Stuff Chicago Bears Fans Say and Other Points of View
- A “positive” Steve Rosenbloom at the Chicago Tribune puts the Bears win yesterday in perspective:
“Sure, Mr. Negative might complain about the Bears’ getting only two field goals off four turnovers, and he should gripe about a lack of production on first down. Third down, too.
“On the other side of the ball, Mr. Negative could crab about some bad coverage of Reggie Wayne, and he would scream about an inconsistent pass rush and yelp about the defense getting shredded on 77- and 80-yard drives.
“Yeah, Mr. Negative could find things to carp about in a game against the league’s worst team last season that started a rookie quarterback. But it’s likely there will be time enough for that.
“Perhaps as soon as Thursday night in Green Bay.”
- David Haugh at the Chicago Tribune relays a request from QB Jay Cutler to fans near the end zone:
“‘Please, please, please, let’s tone it down a little bit when we’re down on the 20,’ Cutler said. ‘You’re more than welcome to yell, scream, do whatever you want to do after the score. But, please, let’s quiet the stadium down and save it for after the score. Thank you.”‘
- Dan Pompei at the Chicago Tribune thinks the Packers may try to cover Marshall with Charles Woodson on nickel downs.
- Joe Cowley at the Chicago Sun-Times says that RB Matt Forte is not happy about being taken out in short yardage situations.
“‘It’s been happening my whole career here, so I don’t know,’ Forte said when asked about not finishing drives. ‘That’s the coordinator’s call.'”
- Mark Potash at the Chicago Sun-Times on Brian Urlacher yesterday:
It’s rare when the Bears have so many impact plays on defense — three sacks, four takeaways and four tackles for loss — and Urlacher isn’t in on any of them. When Colts quarterback Andrew Luck lauded the defense after the game, Urlacher got fourth billing — behind Lance Briggs, Julius Peppers and Henry Melton.
As well he should have been. Its not easy to just step in and start playing at game speed without any practice. Urlacher was rusty and probably will continue to be so for a while.
- Potash and Sean Jensen at the Chicago Sun-Times quote Israel Idonije on the Bears moving their defensive ends around on third down:
“‘We didn’t want to give them the same look, and that’s important moving forward,’ Idonije said. ‘We were kind of locked into our plan, and when we changed it, it started to break things wide open for us. When we changed up, there were a couple of things we were really able to take advantage of. It’s a chess match.'”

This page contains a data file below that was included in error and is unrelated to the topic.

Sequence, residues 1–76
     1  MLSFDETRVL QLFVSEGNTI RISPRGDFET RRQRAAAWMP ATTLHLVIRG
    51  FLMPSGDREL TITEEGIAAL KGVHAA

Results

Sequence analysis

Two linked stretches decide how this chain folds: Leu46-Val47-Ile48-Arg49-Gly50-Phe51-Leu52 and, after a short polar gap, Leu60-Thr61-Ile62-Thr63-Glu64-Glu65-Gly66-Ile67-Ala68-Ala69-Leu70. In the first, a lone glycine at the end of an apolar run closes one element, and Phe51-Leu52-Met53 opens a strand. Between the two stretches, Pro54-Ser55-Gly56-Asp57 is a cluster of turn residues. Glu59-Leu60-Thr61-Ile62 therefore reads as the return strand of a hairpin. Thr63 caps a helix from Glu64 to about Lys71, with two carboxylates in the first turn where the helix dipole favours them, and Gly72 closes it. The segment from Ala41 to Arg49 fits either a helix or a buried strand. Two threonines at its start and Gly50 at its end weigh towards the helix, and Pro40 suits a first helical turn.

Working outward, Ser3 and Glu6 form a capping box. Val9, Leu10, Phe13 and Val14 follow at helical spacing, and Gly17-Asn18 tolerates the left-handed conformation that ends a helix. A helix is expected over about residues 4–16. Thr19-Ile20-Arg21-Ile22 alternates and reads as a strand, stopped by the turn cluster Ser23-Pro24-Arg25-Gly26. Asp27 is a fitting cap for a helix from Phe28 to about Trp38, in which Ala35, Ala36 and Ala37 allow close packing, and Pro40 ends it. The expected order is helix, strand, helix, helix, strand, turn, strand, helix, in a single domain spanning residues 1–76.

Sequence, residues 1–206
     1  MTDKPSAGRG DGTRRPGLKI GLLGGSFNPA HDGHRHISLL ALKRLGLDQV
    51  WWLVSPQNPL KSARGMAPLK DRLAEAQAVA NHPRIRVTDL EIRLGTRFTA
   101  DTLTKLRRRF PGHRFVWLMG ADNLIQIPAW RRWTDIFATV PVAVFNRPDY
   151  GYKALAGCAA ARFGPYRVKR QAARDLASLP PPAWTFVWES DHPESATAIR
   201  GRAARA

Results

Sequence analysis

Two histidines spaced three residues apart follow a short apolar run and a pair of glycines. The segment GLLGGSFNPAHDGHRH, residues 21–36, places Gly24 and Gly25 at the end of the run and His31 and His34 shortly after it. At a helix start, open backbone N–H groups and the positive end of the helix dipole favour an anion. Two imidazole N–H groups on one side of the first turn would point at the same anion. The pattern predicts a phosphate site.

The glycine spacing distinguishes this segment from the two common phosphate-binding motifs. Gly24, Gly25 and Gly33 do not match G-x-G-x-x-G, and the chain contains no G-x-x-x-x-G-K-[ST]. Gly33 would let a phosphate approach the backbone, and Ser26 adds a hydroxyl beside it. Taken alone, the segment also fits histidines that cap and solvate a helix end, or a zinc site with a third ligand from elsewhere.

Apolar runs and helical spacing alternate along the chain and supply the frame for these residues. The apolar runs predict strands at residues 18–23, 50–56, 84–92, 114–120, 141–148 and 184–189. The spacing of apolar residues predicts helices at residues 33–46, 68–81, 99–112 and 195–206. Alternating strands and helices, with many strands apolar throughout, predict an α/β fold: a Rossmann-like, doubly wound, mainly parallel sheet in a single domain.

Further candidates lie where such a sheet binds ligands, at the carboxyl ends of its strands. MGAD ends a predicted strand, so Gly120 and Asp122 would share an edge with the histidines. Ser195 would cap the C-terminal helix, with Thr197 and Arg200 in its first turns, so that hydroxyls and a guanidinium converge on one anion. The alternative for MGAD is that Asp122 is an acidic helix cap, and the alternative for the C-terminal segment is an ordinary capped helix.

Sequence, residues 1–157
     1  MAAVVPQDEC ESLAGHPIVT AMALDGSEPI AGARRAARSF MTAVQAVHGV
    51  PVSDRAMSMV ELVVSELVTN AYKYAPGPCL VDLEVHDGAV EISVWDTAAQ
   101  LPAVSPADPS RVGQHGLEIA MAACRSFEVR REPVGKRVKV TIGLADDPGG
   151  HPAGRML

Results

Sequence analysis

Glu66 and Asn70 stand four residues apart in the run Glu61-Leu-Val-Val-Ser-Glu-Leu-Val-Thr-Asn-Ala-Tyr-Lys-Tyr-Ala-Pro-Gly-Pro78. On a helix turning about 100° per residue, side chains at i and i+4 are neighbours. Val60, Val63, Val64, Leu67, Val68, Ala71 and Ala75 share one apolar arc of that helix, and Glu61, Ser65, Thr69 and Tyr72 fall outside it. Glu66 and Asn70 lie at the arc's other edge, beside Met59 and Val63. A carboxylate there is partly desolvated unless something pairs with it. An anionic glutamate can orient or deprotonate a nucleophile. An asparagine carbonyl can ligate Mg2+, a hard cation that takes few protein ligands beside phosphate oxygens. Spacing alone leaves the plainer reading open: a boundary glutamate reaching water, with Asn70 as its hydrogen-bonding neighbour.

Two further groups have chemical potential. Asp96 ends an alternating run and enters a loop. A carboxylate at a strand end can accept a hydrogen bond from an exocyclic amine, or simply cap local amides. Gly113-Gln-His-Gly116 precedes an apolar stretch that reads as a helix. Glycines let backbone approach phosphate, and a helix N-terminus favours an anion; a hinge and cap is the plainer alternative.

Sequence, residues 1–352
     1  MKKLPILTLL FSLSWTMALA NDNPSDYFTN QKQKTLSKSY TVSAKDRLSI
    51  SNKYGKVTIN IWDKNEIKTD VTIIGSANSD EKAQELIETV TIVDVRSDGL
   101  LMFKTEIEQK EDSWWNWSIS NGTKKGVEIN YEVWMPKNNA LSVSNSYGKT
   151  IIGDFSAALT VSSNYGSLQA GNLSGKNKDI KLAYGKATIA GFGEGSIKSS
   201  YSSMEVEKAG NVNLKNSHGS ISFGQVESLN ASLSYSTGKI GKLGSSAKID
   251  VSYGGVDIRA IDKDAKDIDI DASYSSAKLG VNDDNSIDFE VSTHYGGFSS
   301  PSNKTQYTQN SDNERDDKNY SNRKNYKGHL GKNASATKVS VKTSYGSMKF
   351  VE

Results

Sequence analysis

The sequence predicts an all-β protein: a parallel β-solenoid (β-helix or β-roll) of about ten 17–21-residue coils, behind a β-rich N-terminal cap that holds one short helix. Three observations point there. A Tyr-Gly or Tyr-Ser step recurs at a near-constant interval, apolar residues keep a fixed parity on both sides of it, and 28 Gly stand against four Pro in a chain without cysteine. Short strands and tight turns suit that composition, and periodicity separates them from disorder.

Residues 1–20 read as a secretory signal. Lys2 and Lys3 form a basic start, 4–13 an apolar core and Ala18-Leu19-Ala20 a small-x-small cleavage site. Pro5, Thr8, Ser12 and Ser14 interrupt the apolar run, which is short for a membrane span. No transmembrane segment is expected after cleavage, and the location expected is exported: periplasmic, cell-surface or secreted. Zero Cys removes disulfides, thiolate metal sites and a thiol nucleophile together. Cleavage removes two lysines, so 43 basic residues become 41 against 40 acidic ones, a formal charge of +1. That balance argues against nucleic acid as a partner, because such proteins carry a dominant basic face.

- There are a few linebackers out on the street if the Bears decide they want more depth. From Pompei, this time at the National Football Post:
OLB—Ernie Sims, Spencer Adkins. Sims might be better than he looked last year with the Colts. This is another thin position, which explains Adkins’ presence.
ILB—E.J. Henderson. He is 32-years old and has quite an injury history, but he played pretty well last year for the Vikings. He probably would have signed by now if he would have been willing to accept less money.
Players signed after opening weekend aren’t guaranteed a 17 week paycheck.
- For those who can’t get enough of that Anthony Adams:
- And as a bonus, I think we’ve heard a few of these before:
- The Redskins looked so bad when they played the Bears in the preseason. With or without the Saints coaches, for the Redskins to beat a team like that, the improvement must have been just short of miraculous. I’m sure Robert Griffin III was a big part of it but there must have been a lot of much better play from more than just him.
- Despite all the talk about the Lions being more disciplined, I’ve got to think they were looking past the Rams to their Sunday night game with the San Francisco 49ers this week. They barely slipped by. Recall the infamous handshake after the 49ers matchup last season.
- I notice that the Packers are using wide receiver Randall Cobb as a running back. I’ve got to figure that’s partly to compensate for the fact that new running back Cedric Benson is so poor catching the ball our of the backfield.
- Doubt about the officials led to a lot of criticism Sunday, some of it fair but much of it really unfair. As FOX color man Troy Aikman explained, the lack of confidence led everyone to question every call and see what they wanted to see rather than what was.
- The 49ers’ Aldon Smith is a monster. This is going to be a tough team to beat this year.
- I love the way that that Jermichael Finley limped all over the field begging for a personal foul call from the officials after the 49ers’ Perrish Cox stepped on his foot then, all of the sudden was more than healthy enough to catch a touchdown pass on the next play. Finley got the call despite the fact that he initiated the confrontation.
- My assumption is that having to do HBO’s Hard Knock would be a nightmare for any head coach, particularly a first time one like the Dolphin’s Joe Philbin. So I thought the perspective on it that he relayed to Pompei, this time writing for the National Football Post, was interesting.
- I can’t help it. I love Bart Scott. Via Josh Alper at profootballtalk.com.
- I’m going to guess that this article was written before Sunday Night’s game. From The Onion.
One Final Thought
Pompei apparently liked a new book with quotes from Tim Tebow:
“In Tebow Time: Insights on Winning form Football’s Rising Star, we get a good glimpse of what makes Tebow tick.”
Here is one of several interesting quotes he put in the article:
“My parents made sure I always understood that being good at something doesn’t make you better than anyone else. I can play football, but anyone I meet can do something better than me.”
On the other hand we have this from Toni Monkovic at The New York Times:
Scientific studies have suggested that if you shielded yourself from Tebow saturation coverage, you might have saved a 5-point drop in your IQ.